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Sunrise to Sunset
Coehadjoe Park was named after King Coe Hadjo who was a Seminole Chief in this area around 1820. Coe Hadjo’s village was on the west side of Indian Prairie, north of Anthony-Burbank Road. There were approximately 450 white Seminole Indians who lived in this village. In the Muscogee language, the letter “e” is pronounced “a,” so the name sounds like Co-a Had-jo. The translation is “wild-cat.” Coe Hadjo was about 35 years old when he lived here. On the north side of Indian Lake Prairie, there is an Indian burial ground. There is also a larger midden that dates farther back than the 1820s. This area is rich with Native American history, as numerous villages and forts were constructed.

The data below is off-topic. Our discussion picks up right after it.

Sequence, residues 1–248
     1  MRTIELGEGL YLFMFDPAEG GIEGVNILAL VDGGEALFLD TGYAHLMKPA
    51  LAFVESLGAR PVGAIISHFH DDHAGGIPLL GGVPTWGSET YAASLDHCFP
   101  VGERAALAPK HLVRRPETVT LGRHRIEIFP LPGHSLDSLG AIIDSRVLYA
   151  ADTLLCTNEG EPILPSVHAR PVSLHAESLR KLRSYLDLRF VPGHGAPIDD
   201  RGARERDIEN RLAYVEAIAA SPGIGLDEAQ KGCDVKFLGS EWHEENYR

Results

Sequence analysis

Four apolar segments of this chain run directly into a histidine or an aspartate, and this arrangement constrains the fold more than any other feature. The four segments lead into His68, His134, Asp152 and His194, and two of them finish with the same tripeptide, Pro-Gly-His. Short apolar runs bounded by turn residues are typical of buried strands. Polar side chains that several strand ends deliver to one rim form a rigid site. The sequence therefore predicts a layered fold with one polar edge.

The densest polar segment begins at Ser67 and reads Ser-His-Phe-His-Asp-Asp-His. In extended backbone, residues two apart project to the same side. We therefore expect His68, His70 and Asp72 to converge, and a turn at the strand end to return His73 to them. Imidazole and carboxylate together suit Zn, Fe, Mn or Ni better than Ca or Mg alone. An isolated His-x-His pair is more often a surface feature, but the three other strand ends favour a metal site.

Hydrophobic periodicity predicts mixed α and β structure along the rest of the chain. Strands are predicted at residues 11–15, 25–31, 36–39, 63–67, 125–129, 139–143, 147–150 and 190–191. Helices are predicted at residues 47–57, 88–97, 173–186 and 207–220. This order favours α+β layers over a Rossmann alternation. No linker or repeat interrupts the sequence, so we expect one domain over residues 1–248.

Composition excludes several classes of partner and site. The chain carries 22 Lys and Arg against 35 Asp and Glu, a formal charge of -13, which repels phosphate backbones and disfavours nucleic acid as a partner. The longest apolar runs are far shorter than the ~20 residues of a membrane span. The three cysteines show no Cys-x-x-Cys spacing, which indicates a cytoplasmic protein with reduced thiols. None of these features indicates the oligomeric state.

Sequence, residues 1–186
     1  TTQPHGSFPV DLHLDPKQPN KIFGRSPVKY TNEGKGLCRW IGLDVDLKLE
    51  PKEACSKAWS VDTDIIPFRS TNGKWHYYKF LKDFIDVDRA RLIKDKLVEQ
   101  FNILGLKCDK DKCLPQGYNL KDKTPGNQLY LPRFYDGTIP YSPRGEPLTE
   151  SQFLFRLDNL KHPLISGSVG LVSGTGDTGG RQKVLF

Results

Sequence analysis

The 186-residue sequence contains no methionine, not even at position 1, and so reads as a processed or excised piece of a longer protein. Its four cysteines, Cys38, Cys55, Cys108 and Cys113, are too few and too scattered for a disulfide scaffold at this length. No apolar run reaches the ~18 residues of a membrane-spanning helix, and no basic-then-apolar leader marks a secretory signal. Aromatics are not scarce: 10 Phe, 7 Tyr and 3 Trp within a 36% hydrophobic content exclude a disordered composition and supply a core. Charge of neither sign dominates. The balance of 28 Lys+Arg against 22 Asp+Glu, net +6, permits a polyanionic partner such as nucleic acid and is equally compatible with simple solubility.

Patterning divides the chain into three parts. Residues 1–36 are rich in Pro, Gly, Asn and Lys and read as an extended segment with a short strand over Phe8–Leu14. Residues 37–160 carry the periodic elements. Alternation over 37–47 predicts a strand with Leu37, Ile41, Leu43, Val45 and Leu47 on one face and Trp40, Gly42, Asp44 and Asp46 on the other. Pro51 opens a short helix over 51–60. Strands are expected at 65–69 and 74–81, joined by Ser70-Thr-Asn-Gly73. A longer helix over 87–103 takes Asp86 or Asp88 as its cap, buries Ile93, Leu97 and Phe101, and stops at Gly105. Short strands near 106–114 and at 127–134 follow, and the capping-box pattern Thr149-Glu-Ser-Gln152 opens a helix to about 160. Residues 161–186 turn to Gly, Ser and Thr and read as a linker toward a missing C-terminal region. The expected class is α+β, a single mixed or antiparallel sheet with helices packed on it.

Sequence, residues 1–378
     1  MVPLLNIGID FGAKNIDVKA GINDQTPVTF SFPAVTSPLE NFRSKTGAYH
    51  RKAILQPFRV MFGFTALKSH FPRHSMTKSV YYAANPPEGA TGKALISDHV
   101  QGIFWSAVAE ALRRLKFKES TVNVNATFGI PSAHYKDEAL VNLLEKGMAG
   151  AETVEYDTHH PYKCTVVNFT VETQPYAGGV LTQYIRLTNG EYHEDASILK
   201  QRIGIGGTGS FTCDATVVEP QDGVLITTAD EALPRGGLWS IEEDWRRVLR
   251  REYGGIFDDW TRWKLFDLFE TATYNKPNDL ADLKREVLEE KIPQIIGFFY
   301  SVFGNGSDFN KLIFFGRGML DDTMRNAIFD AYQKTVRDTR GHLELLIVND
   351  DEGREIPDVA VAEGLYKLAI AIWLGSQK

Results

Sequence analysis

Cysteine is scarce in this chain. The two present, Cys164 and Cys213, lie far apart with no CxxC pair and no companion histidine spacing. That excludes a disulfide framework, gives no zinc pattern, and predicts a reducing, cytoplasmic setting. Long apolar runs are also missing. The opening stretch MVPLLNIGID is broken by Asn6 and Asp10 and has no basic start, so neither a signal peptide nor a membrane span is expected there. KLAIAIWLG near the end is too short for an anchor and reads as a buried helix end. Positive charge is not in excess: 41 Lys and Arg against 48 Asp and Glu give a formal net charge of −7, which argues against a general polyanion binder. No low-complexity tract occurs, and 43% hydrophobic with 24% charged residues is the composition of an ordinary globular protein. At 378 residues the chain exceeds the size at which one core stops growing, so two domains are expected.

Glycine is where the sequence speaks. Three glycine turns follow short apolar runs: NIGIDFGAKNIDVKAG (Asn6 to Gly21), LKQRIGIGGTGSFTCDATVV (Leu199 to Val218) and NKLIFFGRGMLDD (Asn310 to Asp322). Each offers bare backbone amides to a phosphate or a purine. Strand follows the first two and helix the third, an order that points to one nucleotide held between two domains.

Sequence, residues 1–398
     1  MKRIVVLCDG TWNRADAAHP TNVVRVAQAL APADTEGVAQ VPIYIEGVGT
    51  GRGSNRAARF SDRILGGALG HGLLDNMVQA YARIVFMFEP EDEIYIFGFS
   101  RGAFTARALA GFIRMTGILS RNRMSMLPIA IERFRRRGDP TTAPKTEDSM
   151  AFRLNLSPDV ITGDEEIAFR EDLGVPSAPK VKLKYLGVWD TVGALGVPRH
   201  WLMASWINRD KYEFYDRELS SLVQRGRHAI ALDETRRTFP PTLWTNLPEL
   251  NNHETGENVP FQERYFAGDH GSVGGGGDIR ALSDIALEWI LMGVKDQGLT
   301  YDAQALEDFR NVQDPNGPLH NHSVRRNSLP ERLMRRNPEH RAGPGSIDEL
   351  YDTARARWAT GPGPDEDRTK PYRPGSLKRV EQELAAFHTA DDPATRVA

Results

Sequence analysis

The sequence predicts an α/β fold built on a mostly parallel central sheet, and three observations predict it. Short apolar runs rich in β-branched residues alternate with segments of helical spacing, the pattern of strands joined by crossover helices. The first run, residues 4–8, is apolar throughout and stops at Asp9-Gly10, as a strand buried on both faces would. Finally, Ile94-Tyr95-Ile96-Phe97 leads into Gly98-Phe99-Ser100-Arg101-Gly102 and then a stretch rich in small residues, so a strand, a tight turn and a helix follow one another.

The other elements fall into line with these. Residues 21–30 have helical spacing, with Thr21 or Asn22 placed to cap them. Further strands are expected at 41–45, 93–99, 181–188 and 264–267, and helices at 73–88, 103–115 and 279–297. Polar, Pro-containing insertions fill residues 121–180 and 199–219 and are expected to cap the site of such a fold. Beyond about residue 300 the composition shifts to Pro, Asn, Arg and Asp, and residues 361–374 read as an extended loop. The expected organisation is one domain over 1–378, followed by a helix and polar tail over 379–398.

Today, Coehadjoe Park is home to a Born Learning Trail (courtesy of Success by 6), a nature themed play area, tennis courts (also lined for Pickleball), basketball courts, racquetball courts, volleyball courts, picnic pavilions and walking trails.
Pavilions are available for private group functions including birthday parties and corporate outings. To rent a pavilion, please click here.